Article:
A special week through the eyes of one lucky owner

By Richard Edmunds

17 Nov 2021

A special week through the eyes of one lucky ownerThe Coupland’s Bakeries Mile win by Markus Aurelius was just one big result for Te Akau Racing hea

Since the days of King’s Chapel and Darci Brahma in the early 2000s, Te Akau Racing have regularly run rampant during Christchurch racing’s biggest week, but even by their standards the 2021 New Zealand Cup Carnival was something very special.
Starting with valuable colt Noverre in the 2000 Guineas and capped a week later with The Perfect Pink leading home an incredible first four in the 1000 Guineas, it was total domination of the Riccarton features by Te Akau, trainer Jamie Richards and jockey Opie Bosson.
Te Akau have now won 13 Guineas races at Riccarton in the last 18 years, while for Richards, it was a case of coming full-circle to complete a career milestone. Back in 2015, he celebrated the first and second Group One victories of his career as Xtravagant and Risque provided a spectacular double. Six years later, Noverre and The Perfect Pink repeated that achievement to deliver Group One victories 49 and 50.
“It’s been a whirlwind last five or six years for a young fella that grew up in Dunedin,” Richards reflected on Saturday. “Being a southern boy, bringing up that milestone in the South Island makes it a really special day.
“I’ve got a lot of people to thank for the position I am in. It’s not just about me, it’s about the amazing bunch of staff and the owners and everyone who is involved.”
For good measure, Richards, Bosson and Te Akau also dominated the middle day of the carnival. All three starters were winners, including Markus Aurelius in the Gr. 2 Coupland’s Bakeries Mile and Summer Monsoon in the Gr. 3 Stewards’ Stakes.
These are remarkable results in anyone’s language, and an extraordinary week for everyone involved. That includes each winner’s big contingent of owners, some of whom were able to be part of a restricted on-course attendance that Riccarton welcomed for each day of the carnival. That included this writer, a small shareholder in Markus Aurelius.
It is far from ideal for a journalist to be left lost for words, but that is precisely what has happened through the majority of the last week.
Not every racehorse ownership opportunity falls within the price range of a journalist, but at the 2018 South Island Sale, David Ellis secured Markus Aurelius for just $13,000. Likely more by luck than any expert judgement, I decided to sign up for a small share in the White Robe Lodge-bred son of Ghibellines, and the three years since have been extraordinary.
The rangy bay began his racing career as an autumn three-year-old in early 2020, placing in his first two starts before winning a midweek maiden at Matamata, and it was soon clear that we had a horse who would at least pay his way.
But Markus never stopped developing, strengthening and improving, racking up five wins as a four-year-old across Riccarton, Te Rapa and Ellerslie.
The bubble burst when he was unplaced as a hot favourite in the Gr. 2 Easter Handicap at Ellerslie in April, but his trainer was unfazed, putting it down to wheels spinning in unsuitable wet ground. He turned the page and immediately began working backwards from the Coupland’s Mile, all of seven months in the distance.
Still in the midst of the largely uninterrupted Level 1 lifestyle that New Zealand had enjoyed for many months of the Covid pandemic until that point, the idea of a November holiday in Christchurch for me and my partner Pippa came to mind.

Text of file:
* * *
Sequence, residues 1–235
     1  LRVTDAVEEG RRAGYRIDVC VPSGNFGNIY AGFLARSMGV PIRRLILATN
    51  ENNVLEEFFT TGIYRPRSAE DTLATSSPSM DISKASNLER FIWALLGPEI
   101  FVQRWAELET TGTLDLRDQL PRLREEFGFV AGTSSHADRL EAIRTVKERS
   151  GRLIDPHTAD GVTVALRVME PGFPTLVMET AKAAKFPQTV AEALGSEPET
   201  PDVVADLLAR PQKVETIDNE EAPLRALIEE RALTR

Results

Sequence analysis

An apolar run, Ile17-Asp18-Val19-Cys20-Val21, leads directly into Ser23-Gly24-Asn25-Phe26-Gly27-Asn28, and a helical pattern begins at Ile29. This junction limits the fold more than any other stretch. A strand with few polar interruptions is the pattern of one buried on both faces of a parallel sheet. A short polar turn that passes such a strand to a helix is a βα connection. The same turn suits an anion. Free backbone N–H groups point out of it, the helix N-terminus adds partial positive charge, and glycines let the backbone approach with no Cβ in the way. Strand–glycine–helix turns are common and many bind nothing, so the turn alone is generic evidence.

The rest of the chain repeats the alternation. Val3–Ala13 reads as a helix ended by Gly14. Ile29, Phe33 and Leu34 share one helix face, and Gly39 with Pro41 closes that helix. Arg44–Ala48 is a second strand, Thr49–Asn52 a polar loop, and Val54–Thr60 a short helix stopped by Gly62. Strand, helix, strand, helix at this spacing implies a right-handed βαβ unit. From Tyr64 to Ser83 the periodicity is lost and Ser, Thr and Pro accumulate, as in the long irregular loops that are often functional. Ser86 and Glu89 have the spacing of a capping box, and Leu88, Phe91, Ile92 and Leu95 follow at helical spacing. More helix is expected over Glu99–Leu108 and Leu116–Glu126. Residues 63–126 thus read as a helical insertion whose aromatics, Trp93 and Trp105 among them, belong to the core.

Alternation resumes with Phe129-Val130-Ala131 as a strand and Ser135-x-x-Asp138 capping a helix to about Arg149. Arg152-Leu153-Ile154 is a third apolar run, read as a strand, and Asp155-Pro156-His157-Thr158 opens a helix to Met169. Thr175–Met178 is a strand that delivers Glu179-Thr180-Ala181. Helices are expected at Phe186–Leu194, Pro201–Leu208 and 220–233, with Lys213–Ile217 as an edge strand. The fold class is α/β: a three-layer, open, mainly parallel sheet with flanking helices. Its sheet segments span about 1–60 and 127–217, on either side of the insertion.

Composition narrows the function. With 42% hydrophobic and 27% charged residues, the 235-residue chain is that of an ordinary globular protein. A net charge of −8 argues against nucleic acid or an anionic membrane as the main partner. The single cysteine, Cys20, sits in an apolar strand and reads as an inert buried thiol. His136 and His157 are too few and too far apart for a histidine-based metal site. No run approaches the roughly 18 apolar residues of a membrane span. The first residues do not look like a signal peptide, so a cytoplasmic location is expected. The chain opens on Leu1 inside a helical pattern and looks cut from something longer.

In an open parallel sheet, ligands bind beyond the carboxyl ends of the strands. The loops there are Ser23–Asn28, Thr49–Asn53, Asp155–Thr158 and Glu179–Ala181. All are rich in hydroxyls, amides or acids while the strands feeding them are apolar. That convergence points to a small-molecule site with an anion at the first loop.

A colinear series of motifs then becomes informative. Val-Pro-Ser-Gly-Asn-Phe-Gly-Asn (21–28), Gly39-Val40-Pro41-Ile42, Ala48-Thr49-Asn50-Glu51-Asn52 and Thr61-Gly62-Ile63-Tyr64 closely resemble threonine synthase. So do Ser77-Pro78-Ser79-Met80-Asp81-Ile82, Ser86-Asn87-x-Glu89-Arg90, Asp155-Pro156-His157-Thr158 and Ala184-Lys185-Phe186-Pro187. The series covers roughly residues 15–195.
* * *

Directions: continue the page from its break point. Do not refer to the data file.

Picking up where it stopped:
Everything changed with Delta’s unwelcome arrival in August, but we were fortunate enough to be in a part of Northland still in Level 2 when November rolled around, and the prospect of a direct flight from Whangarei to Wellington, then to Christchurch, kept our dream alive.
That dream grew more and more shaky in the face of a series of Covid scares in both Northland and Christchurch, but the alert levels remained as they were, and we went ahead and confirmed our bookings. Multiple negative Covid tests reassured us that we would not be taking the virus with us to the South Island.
There was a further twist as fog-related flight cancellations held things up by two full days, but through it all, we finally made it to Riccarton and took our place among a crowd that was restricted in numbers but not lacking in atmosphere.
Not before time, all of that pre-departure uncertainty then shifted to the horse himself. While Markus Aurelius had proven himself at the course and distance, and he had produced strong finishes in his lead-up appearances, the questions were obvious – could he make the step up to Group Two level and beat a talented field with 57.5 kilograms on his back, and could he do it from the extreme outside gate?
And then, after spearing forward through the early stages of the race to take a sit just off the leader, would he have enough energy left in the tank for the business end?
Thanks to Richards having him trained to the minute and Bosson’s masterful ride, the answer to all of those questions was an emphatic yes.
Years of witnessing the jubilation close up as a journalist have taught me that winning owners react in a range of ways. Some scream and shout, some jump up and down, some immediately reach for their cellphones, and some hug whoever is within arm’s reach. But these two introverted Northlanders did none of those things, instead sitting still in the grandstand in a dumbfounded disbelief that has lingered ever since.
The career of Markus Aurelius, and particularly that remarkable Wednesday at Riccarton Park last week, has provided the latest in a long line of illustrations that racehorse ownership – no matter what the scale – can deliver a thrill unlike any other.